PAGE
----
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Fifteen Minutes of Fame

A man lowers himself into a large armchair and adjusts his glasses.  He is mid-fifties, clean-shaven, and wearing a charcoal suit and blue paisley tie.  He places his hands on the seat cushion, then on his knees, then folds them together in his lap and tries to keep them still.  He looks around and smiles, nervously.  Behind his armchair, 1,500 people wait expectantly.  One of them coughs. 


Harold Sutton has won a lottery, of sorts.  A systems analyst from Moggill, he sent a letter to the Queensland Symphony Orchestra last March, naming his favourite piece of music and explaining what it meant to him.  A few minutes ago, he told a full house at QPAC about how his dad used to play the piano when he was a kid, and bring him along to the symphony.  How dad would lower the needle onto his favourite LP of Dvorak’s ninth symphony, the “New World”, after dinner if Harry had finished his homework, and they'd listen to it while his dad washed the dishes and Harry dried.  How the record had succumbed to a fatal abrasion one afternoon when Harry was roughhousing indoors with his cousin.  How he’d found a copy last year for his dad’s 80th birthday, and his dad said it was the best gift of his life.  How his dad lost the battle with cancer three months later.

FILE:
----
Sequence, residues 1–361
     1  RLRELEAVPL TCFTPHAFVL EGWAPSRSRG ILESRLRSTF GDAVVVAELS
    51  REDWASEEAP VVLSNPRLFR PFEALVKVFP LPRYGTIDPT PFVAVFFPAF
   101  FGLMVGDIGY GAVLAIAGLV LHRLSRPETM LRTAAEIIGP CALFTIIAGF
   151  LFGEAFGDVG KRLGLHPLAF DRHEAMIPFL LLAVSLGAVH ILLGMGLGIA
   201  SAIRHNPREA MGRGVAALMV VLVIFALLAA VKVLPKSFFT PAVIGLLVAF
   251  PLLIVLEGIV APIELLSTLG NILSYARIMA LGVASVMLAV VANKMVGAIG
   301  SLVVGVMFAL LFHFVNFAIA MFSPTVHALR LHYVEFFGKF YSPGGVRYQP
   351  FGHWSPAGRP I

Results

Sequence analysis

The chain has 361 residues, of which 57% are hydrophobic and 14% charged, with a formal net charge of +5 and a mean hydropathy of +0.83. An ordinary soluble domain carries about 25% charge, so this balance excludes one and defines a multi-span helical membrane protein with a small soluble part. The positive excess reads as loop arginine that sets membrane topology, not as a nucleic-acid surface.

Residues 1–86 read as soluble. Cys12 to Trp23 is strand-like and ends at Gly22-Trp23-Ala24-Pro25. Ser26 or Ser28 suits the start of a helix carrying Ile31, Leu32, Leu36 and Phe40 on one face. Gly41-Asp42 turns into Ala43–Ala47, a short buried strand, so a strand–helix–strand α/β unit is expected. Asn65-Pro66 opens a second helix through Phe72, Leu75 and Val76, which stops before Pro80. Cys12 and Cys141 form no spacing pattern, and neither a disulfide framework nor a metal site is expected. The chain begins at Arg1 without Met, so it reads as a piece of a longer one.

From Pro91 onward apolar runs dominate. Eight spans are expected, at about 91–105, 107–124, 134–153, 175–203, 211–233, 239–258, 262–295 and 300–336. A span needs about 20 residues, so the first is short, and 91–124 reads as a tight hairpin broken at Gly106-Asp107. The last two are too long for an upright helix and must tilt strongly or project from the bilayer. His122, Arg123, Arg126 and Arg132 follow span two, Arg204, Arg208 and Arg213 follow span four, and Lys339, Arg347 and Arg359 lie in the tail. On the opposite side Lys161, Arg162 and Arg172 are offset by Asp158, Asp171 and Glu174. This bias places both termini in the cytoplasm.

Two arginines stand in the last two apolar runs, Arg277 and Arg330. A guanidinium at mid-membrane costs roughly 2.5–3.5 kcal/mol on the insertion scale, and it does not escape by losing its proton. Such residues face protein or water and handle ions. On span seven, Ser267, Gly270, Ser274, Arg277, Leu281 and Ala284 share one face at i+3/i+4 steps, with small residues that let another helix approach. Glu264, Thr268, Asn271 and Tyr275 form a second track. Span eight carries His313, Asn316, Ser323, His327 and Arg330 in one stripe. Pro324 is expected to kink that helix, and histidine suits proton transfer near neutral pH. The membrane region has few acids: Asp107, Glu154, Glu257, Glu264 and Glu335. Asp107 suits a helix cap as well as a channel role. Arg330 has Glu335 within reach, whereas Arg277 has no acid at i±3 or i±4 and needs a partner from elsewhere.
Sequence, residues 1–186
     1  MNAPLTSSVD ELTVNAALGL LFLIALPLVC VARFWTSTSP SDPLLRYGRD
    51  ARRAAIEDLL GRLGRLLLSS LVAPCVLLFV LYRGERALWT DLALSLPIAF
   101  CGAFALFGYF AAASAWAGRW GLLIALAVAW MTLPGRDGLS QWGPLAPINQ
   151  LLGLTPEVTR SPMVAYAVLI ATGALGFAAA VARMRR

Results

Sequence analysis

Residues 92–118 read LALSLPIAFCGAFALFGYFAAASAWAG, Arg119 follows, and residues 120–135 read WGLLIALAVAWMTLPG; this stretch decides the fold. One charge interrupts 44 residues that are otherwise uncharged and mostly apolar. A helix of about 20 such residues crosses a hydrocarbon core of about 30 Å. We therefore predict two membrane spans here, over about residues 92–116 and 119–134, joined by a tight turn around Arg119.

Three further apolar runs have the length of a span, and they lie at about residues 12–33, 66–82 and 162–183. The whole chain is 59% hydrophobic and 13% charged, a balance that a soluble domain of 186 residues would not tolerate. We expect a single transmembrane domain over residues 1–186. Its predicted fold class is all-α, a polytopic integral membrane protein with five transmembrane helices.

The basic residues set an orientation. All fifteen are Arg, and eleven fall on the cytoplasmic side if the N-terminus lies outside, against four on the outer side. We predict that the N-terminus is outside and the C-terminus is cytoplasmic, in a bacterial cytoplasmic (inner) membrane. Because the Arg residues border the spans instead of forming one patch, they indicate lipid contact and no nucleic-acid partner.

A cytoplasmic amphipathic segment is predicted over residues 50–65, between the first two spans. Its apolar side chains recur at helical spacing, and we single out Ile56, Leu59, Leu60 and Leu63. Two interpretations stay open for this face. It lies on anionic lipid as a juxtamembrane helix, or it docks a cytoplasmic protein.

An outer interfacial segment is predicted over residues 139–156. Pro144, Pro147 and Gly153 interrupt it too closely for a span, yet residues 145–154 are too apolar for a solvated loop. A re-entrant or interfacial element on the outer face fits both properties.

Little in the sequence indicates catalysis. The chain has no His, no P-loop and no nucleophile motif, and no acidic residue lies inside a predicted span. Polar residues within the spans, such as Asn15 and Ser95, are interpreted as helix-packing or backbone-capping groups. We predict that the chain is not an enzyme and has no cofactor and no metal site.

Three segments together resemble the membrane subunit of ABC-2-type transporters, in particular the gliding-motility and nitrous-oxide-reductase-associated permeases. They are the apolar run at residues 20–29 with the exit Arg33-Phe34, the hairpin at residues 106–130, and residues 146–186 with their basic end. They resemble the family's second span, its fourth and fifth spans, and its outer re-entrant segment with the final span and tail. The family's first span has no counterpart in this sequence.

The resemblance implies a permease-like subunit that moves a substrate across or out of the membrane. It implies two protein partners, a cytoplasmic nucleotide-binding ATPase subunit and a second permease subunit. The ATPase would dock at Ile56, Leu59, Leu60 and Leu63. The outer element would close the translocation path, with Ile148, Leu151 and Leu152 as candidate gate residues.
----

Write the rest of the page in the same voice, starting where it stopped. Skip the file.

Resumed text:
Harold, now seated point blank before about 80 musicians - as one might find oneself in a somewhat alarming dream - is one of five audience members chosen to join the QSO on stage this evening.  Each will share the story of his or her relationship to a piece of music, offering the audience a glimpse of personal poignancy, a fragment of meaning.  The stories might be funny, or decidedly odd, or deeply moving.  The music in question will then be played by the orchestra. 


The stories of audience members are rarely shared, but they are always there.  Tonight there are fifteen hundred unrelated stories in the concert hall.   


But are they unrelated?  As the baton comes down and the first movement of the New World symphony gathers momentum, Harold uses his unusual proximity to the orchestra to examine the instruments in action at close range; flashing fingers and bows, the expressions and cues of the conductor, the communication and choreography of musicians. An achingly familiar architecture of melody and rhythm builds around him and he finds himself drying the dishes with his dad, feeling the loss and the longing of the composer, and now, too, his own.  He, and the audience behind him, have entered Dvorak’s story.  For ten glorious minutes, stories blend and align, and hundreds of strangers identify with each other.


It is a commonplace magic, and Harold is deeply grateful to his dad for acquainting him with it.  He gets up from the armchair to long and thunderous applause from both the theatre and the stage.  His story has been added to theirs. 


As he wipes his eyes, Harold Sutton, systems analyst, thanks his late father and the QSO for what is, in his words, the best gift of his life.    

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